A morning roundup of the day’s news.
It’s official: Apple CEO Tim Cook has confirmed what most already knew—the company has entered the self-driving car wars, apparently concentrating on technology development. The Washington Post reports:
“Apple appears to be taking the same route as Waymo/Google, which is to focus on the technology of self-driving cars while leaving vehicle production to established automakers,” said Karl Brauer, an analyst at Kelley Blue Book. “This puts Apple and Google in direct competition, again. Are we looking at a future with two major autonomous vehicle systems just as we currently have two major smartphone systems? The answer seems to be ‘yes.’ ”
- See also: Waymo is phasing out its little self-driving “bubble car.” (BBC)
- From the CityLab archive: 8 Bright Ideas for Driverless Cities
Opioids and HIV: On Capitol Hill today, public health experts are examining the relationship between the opioid epidemic and rising HIV rates, including new efforts to map out data on the most vulnerable U.S. counties. (The Washington Post)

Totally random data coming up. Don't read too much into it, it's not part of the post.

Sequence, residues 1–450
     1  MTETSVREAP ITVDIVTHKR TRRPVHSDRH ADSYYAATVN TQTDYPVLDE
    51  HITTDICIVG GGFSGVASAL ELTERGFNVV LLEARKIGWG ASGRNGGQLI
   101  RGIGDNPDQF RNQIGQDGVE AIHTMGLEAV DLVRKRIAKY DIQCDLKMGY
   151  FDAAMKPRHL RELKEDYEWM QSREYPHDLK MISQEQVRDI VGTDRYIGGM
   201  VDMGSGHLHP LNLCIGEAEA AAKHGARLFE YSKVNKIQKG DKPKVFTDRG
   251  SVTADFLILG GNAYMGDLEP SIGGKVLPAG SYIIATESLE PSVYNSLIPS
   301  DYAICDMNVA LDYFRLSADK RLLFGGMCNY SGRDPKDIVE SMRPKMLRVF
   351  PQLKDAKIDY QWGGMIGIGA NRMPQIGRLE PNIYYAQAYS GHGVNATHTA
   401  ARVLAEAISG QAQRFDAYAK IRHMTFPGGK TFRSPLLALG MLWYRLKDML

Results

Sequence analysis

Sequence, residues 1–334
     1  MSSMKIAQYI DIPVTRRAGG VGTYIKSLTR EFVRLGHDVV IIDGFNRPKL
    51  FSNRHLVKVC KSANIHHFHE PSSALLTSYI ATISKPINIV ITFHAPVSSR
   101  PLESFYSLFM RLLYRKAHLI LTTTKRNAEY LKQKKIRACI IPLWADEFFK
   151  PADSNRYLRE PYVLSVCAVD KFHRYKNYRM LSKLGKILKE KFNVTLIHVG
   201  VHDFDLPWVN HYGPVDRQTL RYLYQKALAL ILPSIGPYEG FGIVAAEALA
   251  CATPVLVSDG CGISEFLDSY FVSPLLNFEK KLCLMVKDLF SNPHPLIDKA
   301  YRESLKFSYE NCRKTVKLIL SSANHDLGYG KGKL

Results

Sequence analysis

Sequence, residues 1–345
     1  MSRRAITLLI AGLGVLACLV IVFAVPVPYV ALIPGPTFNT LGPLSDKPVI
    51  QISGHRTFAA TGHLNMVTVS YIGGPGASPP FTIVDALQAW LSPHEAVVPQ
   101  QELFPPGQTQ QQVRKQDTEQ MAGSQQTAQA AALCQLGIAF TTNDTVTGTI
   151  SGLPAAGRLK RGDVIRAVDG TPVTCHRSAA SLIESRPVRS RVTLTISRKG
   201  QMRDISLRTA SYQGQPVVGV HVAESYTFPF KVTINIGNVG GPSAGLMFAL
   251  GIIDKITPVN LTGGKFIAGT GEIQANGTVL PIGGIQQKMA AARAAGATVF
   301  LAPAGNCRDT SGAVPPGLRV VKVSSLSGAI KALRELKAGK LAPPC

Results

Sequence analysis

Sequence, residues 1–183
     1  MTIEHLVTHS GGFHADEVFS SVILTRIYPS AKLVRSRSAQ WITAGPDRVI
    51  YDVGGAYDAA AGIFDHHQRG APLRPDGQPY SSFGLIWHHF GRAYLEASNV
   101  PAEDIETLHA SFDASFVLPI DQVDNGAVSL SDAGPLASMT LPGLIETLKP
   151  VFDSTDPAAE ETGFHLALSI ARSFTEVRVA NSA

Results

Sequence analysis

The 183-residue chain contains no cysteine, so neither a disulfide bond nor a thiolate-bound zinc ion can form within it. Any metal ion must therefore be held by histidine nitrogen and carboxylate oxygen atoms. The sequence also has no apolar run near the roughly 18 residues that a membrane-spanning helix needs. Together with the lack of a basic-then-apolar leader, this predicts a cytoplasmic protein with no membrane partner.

Who knows best? More than two dozen applications have been submitted to be the team that oversees civil rights reforms at the Baltimore Police Department, leaving the city with a choice: does it want locals who know the community, or experts with experience across the nation? (Baltimore Sun)
Common solutions: The idea behind Philadelphia’s “Reimagining the Civic Commons” movement is that boundaries of race and class break down when people share public gathering places like parks, trails, and libraries. Now the initiative is spreading to other cities. (Yes Magazine)
Bikes vs. cars 2035: With bikes posing one of the biggest logistical challenges for emerging driverless car technology, The Guardian imagines how the two transport modes will interact in the future, including the potential for segregated roads.
The urban lens:
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